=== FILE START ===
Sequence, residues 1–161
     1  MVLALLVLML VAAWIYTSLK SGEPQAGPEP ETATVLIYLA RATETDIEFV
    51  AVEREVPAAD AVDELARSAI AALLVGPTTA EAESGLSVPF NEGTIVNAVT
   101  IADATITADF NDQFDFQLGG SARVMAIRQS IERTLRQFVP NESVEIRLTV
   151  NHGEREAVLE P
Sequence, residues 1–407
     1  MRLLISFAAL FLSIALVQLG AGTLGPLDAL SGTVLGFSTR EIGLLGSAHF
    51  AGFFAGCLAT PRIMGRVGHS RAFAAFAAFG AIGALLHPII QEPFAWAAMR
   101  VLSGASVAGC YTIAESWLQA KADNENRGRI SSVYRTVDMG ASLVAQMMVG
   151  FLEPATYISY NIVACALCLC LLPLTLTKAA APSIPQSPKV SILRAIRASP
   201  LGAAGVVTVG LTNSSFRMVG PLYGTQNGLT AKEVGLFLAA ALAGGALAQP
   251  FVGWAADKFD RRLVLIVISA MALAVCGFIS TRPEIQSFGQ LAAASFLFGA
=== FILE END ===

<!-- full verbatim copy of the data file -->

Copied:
Sequence, residues 1–161
     1  MVLALLVLML VAAWIYTSLK SGEPQAGPEP ETATVLIYLA RATETDIEFV
    51  AVEREVPAAD AVDELARSAI AALLVGPTTA EAESGLSVPF NEGTIVNAVT
   101  IADATITADF NDQFDFQLGG SARVMAIRQS IERTLRQFVP NESVEIRLTV
   151  NHGEREAVLE P
Sequence, residues 1–407
     1  MRLLISFAAL FLSIALVQLG AGTLGPLDAL SGTVLGFSTR EIGLLGSAHF
    51  AGFFAGCLAT PRIMGRVGHS RAFAAFAAFG AIGALLHPII QEPFAWAAMR
   101  VLSGASVAGC YTIAESWLQA KADNENRGRI SSVYRTVDMG ASLVAQMMVG
   151  FLEPATYISY NIVACALCLC LLPLTLTKAA APSIPQSPKV SILRAIRASP
   201  LGAAGVVTVG LTNSSFRMVG PLYGTQNGLT AKEVGLFLAA ALAGGALAQP
   251  FVGWAADKFD RRLVLIVISA MALAVCGFIS TRPEIQSFGQ LAAASFLFGA